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August 04, 2011


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Judy Goldthorp

Very good video. Thanks for explaining that reporting symptoms is not "complaining." I have forwarded your video to a friend who is an Oncology RN.

Jeanne M. Hannah

What a terrific video! I was especially mindful of how you explained sharing embarrassing side effects. Let's face it, the doctor isn't going to know what a patient is experiencing unless told . . . but how embarrassing is diarrhea?

As an advocate for my mom, I let her doctor know ahead of the appointment. [I actually asked the doctor to have her nurse call my mom and schedule the appointment.]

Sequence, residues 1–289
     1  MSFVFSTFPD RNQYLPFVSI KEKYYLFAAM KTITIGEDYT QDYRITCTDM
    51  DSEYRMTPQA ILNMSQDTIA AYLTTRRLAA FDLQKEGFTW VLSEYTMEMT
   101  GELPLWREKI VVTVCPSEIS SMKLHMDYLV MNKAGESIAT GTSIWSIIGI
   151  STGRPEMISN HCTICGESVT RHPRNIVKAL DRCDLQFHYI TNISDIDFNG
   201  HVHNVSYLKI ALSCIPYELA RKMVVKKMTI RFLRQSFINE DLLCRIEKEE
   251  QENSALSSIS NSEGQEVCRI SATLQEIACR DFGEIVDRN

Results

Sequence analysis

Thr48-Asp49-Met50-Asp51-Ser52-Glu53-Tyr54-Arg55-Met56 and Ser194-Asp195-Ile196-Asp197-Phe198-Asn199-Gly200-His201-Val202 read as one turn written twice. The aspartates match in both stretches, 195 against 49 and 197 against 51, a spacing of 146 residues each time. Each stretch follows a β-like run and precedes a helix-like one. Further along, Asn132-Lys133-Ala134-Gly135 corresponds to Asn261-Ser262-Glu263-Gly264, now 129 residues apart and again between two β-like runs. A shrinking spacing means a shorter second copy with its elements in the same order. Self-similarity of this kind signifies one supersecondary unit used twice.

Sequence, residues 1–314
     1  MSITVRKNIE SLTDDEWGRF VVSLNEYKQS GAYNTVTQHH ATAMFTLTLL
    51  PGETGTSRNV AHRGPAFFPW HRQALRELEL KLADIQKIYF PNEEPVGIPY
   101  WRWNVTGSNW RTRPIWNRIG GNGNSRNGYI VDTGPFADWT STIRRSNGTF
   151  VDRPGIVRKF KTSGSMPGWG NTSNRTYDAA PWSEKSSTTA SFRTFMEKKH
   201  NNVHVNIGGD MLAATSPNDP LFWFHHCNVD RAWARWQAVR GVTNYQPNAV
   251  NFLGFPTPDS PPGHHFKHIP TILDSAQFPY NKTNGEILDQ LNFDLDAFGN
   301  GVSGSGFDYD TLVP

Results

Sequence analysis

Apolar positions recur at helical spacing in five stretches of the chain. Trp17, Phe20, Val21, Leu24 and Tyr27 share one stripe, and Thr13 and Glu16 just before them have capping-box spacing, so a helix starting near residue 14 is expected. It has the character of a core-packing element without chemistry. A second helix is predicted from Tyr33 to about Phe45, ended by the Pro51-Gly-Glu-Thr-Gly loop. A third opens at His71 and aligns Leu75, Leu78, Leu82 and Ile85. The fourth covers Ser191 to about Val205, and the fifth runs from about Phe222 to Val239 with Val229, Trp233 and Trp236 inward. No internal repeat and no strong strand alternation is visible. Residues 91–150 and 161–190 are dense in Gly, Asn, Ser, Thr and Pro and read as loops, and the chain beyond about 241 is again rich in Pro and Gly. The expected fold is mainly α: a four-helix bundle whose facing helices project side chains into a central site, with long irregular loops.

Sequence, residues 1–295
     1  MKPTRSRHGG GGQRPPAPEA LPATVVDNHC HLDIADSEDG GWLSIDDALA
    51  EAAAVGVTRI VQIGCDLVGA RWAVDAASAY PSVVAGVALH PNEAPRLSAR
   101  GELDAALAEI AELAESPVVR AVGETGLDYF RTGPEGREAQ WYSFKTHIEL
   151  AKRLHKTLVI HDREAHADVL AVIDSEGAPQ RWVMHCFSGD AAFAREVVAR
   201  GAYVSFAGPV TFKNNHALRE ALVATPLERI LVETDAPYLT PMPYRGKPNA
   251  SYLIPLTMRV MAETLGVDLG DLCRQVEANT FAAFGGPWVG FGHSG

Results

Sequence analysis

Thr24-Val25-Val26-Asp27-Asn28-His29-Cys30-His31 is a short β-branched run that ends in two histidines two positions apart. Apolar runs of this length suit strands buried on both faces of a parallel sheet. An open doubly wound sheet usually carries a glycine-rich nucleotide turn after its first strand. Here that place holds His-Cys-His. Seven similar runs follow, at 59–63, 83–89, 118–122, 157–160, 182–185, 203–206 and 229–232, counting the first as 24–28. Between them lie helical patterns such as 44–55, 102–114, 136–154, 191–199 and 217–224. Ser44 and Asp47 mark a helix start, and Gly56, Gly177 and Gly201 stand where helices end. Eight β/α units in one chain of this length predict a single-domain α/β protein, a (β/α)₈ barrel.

As Mom's doctor explored Mom's symptoms, Mom told her about everything except the diarrhea. Finally, her doctor said, "Tell me. I notice that one of your medicines could cause diarrhea. Have you had and problems with that?"

My mom's sense of relief washed over her face. I could almost read her thoughts: "Oh! It's not my fault!" She was then able to talk about it and the doctor changed her medication to resolve the problem.

Wouldn't it be great if all patients could take an advocate with them to appointments?

Wendy S. Harpham, MD

Thanks for the feedback.

Judy, thank you for sharing the link.

Jeanne, thank you for your illustrative story. Her doctor sounds most compassionate, welcoming your advocacy and asking about diarrhea the way he did.

With hope, Wendy


Very well explained. I'm sending the link to a friend currently in treatment.


This is really helpful and practical. I'm sending this on to my email list of leukemia patients. I can see applications even for appointments with our family physicians. Thank you!

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